There are many academic studies on this exact topic. Two theories are given weight: 1) people feel a sense of obligation because they received something (the natural human tendency to repay debts) 2) being able to buy votes is a forward-looking signal that shows the party/candidate is serious and may be able to provide further benefits down the line.

Further, political operators can at least guarantee that they went to the polls. This way, they can influence turnout.

See https://www.cambridge.org/core/journals/world-politics/artic...


I imagine it's more practical to try to 'get out the vote' without all the marketing in the middle, than try to bribe a person to vote against their interest.


It's a secret ballot but many people have phones.


The tradition in (parts of) Italy is similar:

http://in-formality.com/wiki/index.php?title=Voto_di_scambio...

This is why it is illegal to take pictures of your vote.


Capture your ballot with vote on the phone, then show it to dealer to receive bribe.


Banned a long time back. No cellphones are allowed.

https://www.hindustantimes.com/india/ec-bans-use-of-cell-pho...


They can't. It's a secret ballot.


Cell phone with camera?


My maid's family was bribed this way. They took the food and voted the way they wanted to anyway.

No one knows who you are once you're inside the voting booth :)


> No one knows who you are once you're inside the voting booth :)

Then how do you know who they voted for?! :)


A Bollywood movie, Newton (available for free to view on Amazon Prime Video), depicts plight of one such fictional instance of vote manipulation in India: https://www.amazon.com/Newton-Rajkummar-Rao/dp/B077MHZYDL

tldr A honest govt officer running a polling booth in an area under Naxal (communist separatists) influence grapples with corruption, deciet, hopelessness, manipulation, and hypocrisy.


Definitely the best movie I watched in 2018. I think it did a much better job of depicting life in India than any other movie I've ever seen. I recommended it to a couple of European friends who watched it with subs and they enjoyed it too.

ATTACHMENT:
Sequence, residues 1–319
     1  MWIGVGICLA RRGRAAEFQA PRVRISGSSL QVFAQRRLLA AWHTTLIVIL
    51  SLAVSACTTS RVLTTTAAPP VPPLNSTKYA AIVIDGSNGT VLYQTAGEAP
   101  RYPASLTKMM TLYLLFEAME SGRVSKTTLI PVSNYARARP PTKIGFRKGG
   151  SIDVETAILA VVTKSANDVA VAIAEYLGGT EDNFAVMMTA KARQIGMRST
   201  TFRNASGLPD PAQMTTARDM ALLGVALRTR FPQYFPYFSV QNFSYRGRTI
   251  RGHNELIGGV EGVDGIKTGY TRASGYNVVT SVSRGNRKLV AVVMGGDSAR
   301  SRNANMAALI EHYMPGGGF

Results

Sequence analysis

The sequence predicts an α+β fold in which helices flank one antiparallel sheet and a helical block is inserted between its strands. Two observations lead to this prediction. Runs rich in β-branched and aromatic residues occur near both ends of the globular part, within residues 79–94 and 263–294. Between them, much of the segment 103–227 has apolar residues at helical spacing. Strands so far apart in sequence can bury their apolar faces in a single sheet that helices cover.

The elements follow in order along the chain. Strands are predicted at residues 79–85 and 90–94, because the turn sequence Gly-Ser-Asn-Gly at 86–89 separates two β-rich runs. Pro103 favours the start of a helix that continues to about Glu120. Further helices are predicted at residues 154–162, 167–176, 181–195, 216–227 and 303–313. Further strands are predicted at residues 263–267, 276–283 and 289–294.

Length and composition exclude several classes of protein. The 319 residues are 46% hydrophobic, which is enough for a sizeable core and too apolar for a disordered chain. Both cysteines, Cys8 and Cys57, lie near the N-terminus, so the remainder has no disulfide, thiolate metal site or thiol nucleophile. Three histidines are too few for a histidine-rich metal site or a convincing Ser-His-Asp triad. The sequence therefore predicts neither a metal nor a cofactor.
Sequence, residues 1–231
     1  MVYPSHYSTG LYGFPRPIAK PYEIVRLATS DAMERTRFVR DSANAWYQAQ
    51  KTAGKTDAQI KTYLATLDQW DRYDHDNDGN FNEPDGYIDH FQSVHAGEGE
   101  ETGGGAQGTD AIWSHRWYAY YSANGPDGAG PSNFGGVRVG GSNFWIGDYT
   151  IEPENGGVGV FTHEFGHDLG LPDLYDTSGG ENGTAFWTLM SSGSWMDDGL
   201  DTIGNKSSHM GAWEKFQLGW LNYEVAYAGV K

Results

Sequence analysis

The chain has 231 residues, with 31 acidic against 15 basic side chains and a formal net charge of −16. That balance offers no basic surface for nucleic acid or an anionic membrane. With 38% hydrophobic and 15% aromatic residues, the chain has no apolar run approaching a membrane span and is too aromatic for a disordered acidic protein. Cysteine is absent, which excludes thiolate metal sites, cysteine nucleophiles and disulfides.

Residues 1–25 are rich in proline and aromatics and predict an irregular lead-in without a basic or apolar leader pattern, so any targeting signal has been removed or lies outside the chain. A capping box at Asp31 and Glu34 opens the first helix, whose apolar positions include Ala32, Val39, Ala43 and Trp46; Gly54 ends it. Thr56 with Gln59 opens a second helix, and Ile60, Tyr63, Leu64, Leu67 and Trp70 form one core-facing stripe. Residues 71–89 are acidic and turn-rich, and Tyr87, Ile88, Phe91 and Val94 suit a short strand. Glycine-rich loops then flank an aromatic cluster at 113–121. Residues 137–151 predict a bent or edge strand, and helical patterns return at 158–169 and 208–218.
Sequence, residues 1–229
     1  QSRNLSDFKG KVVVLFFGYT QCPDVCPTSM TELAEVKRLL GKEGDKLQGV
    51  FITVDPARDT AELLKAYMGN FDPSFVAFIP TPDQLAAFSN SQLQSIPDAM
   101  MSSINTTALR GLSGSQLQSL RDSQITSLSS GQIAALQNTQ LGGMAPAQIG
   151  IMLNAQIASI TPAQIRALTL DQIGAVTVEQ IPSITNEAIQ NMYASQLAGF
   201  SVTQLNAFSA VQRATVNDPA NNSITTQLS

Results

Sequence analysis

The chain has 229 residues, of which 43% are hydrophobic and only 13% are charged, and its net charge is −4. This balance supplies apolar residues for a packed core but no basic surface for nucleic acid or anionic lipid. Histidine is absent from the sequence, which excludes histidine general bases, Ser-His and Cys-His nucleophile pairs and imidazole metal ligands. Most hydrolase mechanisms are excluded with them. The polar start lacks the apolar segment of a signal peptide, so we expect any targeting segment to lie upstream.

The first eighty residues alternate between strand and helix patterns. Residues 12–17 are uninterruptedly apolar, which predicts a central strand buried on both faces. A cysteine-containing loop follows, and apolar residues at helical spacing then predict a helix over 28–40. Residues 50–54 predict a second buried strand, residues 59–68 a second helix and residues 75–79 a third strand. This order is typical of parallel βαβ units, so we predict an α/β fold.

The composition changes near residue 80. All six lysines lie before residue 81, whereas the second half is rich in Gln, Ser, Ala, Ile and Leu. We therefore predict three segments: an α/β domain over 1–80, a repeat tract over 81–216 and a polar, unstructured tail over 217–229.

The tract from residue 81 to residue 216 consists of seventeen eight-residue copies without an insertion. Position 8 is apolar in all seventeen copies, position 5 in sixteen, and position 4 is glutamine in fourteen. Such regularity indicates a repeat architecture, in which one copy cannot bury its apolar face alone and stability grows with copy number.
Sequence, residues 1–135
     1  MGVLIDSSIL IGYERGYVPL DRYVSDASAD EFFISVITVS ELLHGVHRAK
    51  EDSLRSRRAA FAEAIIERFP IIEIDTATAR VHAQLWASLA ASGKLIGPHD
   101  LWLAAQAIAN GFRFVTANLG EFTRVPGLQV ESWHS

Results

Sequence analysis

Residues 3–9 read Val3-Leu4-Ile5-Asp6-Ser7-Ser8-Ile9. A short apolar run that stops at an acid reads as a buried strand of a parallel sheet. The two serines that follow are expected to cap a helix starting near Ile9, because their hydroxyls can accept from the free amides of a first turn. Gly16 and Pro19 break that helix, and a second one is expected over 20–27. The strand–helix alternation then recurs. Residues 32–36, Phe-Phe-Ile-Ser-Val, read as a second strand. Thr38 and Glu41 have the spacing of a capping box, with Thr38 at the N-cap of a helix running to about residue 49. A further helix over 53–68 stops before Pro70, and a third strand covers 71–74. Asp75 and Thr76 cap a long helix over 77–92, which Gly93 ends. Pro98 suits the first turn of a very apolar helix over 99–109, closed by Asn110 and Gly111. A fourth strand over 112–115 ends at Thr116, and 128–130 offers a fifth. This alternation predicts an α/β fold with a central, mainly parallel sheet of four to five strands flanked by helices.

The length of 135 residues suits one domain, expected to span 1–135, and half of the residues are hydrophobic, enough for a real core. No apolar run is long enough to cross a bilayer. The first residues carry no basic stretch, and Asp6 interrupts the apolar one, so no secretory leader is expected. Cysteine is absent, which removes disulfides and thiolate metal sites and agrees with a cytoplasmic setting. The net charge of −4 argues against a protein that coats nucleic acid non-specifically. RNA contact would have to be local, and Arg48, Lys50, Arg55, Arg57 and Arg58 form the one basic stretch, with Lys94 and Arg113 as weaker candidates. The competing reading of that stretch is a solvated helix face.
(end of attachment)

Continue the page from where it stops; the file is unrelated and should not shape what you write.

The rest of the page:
Re: Life in India: Found this South Indian movie, Joker, to be quite excellent. https://www.amazon.com/Joker-Guru-Somasundaram/dp/B06XB79BVD

tldr https://en.m.wikipedia.org/wiki/Joker_(2016_film)#Plot


For compare, articles say $2.4BN USD spent in 2016 Presidential Election, with 137.5MM voting. That's $17.45 per capita. But I don't know if I'd swing a vote for a single bottle of wine!


Indian voters don't swing their vote for the money. They know it's a secret ballot, pocket the money, and tell the buyer they voted for them.


BTW I wrote this about US election


What are the chances election campaigns become a thing of the past?

I know zero about politics but... why don't citizens get presented a list of what each candidate supports, where there is overlap between candidates, and where there is disagreement?

Why do candidates need to "spread the message" and "go on tour" and "win people over" when we as citizens are supposed to, at the root, be voting on what policies they believe in (which seems concrete + fact, instead of something like leaving a wooing/lasting impression with a speech/appearance)


> I know zero about politics but... why don't citizens get presented a list of what each candidate supports, where there is overlap between candidates, and where there is disagreement?

Who compiles that list, and on what information is it based?

> when we as citizens are supposed to, at the root, be voting on what policies they believe in

Well, for one thing, that's not what a lot of people (including the founders) think/thought voters are supposed to be voting on; representative democracy is not just a hack around the logistical impracticality of direct voting on all issues, but a means of selecting people with the skill and character to find good answers to questions that the electorate may not anticipate and most members would lack either the time or the skill to find a good answer even if they did have a direct vote.


> Who compiles that list, and on what information is it based?

A neutral third party (kind of like the federal reserve isn't supposed to be affiliated with any political party... or is this wildly inaccurate)

I'm pretty sure modern day politics are composed of 10-20 hard problems.

1. Providing quality of life for the poor/sick/elderly 1. Protecting citizens via military/war 1. Stances on drugs/drug related crimes 1. Economy wellness (stimulation/QE) 1. Education 1. Transportation 1. Energy/environment/climate change 1. Rights (gender, sexual preference, etc.)

> Well, for one thing, that's not what a lot of people (including the founders) think/thought voters are supposed to be voting on

Is that what you vote for? A politician is a figurehead in my eyes, and it is their job to carry out what they said they were going to (aka not change their policy after winning votes).